Birds return in large numbers to Chowilla floodplain

Date posted: 30 August 2017

Large numbers of native birds have been spotted on the Chowilla floodplain following environmental watering and a natural high flow event last year.

Department of Environment, Water and Natural Resources (DEWNR) spokesperson Jan Whittle said that environmental watering was carried out between July and October 2016 with the operation of the Chowilla Creek regulator and the raising of Lock 6.

“The environmental watering covered more than 7,600 hectares of floodplain, reinvigorating the environment,” Ms Whittle said.

“Natural high flows followed during November and December and enabled water to spread further across the floodplain to areas that hadn’t had a drink in years.

“The flows peaked at a 23 year high of 95 giglitres a day on 30 November.

“This extra water has supported vegetation growth across the floodplain, providing an abundance of food for wildlife, particularly for birds.”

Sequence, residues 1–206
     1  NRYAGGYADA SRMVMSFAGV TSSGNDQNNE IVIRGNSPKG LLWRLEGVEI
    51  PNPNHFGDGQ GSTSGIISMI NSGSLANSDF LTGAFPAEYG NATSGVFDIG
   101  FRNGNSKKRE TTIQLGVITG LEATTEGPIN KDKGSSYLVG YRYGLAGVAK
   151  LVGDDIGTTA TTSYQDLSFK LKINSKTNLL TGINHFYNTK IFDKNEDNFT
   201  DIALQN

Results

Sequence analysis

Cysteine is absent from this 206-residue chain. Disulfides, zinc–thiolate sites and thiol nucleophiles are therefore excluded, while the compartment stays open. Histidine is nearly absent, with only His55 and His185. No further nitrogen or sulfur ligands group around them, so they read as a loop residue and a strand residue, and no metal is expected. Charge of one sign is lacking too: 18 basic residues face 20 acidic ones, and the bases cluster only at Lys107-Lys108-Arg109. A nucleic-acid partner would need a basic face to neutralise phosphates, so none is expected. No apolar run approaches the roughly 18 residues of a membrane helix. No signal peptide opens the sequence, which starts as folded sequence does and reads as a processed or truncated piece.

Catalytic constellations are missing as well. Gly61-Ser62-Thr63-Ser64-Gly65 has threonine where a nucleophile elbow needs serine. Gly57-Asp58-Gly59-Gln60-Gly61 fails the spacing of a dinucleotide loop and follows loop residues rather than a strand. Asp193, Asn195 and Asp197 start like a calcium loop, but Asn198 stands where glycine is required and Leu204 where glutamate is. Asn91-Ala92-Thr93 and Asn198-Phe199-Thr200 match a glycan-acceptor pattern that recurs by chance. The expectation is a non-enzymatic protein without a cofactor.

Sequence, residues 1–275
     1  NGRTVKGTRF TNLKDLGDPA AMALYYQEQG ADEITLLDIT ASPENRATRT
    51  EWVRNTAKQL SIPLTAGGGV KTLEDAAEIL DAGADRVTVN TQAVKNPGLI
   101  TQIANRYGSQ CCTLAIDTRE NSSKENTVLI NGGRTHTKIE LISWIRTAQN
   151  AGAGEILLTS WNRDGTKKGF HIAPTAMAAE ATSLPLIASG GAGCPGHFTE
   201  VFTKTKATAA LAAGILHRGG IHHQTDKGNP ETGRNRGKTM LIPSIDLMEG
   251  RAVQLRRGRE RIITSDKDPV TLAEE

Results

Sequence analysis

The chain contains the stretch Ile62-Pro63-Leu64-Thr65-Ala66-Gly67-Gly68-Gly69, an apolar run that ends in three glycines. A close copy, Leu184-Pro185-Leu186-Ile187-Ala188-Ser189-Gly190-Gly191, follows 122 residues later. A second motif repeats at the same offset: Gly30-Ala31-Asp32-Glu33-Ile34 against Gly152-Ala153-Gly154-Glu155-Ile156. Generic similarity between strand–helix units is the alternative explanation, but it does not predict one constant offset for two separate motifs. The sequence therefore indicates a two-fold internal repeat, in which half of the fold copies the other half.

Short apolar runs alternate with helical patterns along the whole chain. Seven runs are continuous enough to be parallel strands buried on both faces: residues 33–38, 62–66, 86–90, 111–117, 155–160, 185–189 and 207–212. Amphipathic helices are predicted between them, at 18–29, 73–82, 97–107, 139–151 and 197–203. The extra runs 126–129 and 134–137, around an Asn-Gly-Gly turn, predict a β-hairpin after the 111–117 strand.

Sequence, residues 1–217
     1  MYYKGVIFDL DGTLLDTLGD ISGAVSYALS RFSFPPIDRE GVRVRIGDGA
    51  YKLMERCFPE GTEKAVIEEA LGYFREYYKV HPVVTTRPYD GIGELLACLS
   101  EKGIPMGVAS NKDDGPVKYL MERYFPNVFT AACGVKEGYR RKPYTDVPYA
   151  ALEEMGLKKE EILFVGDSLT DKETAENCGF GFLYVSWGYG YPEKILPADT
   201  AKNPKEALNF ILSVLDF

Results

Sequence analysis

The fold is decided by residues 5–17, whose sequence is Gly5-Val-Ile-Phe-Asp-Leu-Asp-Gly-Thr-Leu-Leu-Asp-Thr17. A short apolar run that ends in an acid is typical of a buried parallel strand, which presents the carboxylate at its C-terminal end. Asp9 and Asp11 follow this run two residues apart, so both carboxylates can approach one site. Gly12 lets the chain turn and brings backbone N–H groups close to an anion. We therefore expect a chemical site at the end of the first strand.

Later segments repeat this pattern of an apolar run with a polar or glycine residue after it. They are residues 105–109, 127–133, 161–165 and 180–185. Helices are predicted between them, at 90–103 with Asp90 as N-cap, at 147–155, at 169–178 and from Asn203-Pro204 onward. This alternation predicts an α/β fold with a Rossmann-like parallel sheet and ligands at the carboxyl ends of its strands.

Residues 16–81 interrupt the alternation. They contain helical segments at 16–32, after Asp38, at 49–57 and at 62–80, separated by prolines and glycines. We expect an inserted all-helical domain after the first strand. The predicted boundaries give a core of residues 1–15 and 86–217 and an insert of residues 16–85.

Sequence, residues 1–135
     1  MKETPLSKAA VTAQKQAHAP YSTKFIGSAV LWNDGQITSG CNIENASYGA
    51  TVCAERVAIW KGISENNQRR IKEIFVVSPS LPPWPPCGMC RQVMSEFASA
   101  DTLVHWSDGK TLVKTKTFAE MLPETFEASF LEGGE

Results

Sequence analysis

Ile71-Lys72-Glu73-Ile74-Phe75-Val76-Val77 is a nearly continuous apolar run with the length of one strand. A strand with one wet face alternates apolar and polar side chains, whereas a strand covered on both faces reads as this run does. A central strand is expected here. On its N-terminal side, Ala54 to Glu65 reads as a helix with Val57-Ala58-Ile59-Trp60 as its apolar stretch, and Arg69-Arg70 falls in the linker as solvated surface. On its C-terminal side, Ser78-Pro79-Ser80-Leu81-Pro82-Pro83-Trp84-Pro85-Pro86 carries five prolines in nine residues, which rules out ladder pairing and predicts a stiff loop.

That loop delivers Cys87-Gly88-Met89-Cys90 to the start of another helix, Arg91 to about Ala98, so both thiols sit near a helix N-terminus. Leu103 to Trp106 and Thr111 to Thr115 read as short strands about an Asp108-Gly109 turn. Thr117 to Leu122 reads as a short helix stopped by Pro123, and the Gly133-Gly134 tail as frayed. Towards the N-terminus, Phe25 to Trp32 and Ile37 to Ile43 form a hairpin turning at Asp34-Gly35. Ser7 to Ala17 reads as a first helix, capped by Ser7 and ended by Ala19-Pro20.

Surveys carried out on the floodplain during the last six months have revealed an increase in the number of birds in the area.

Ms Whittle said, surprisingly, 40 Red-necked Stints were reported on Chowilla at Coombool swamp during autumn.

“This small migratory bird is not usually seen at Chowilla. They make an annual journey north to breed in Siberia and western Alaska and visit Australia during the warmer months.

“Also 150 vulnerable Freckled Ducks were recorded during autumn at Werta Wert Wetland, as well as a large number of the Spiny-Cheeked Honeyeaters feeding in the heavily flowering Black Box trees.

“We also heard Owlet nightjars - Australia’s smallest nocturnal bird - at Werta Wert Wetland.

“At Chowilla Island a thousand Woodswallows were recorded, which is the highest number surveyed in recent years.

“During summer large numbers of wading birds - Red-necked Avocets and Pink-eared Ducks – were recorded at Gum Flat. The shallow water and lush vegetation made the area a perfect spot for wading birds to feed.”

Management and monitoring of the Chowilla Floodplain is funded by the Murray-Darling Basin Authority’s The Living Murray initiative; which is funded by the New South Wales, Victorian, South Australian, Australian Capital Territory and Australian Governments.

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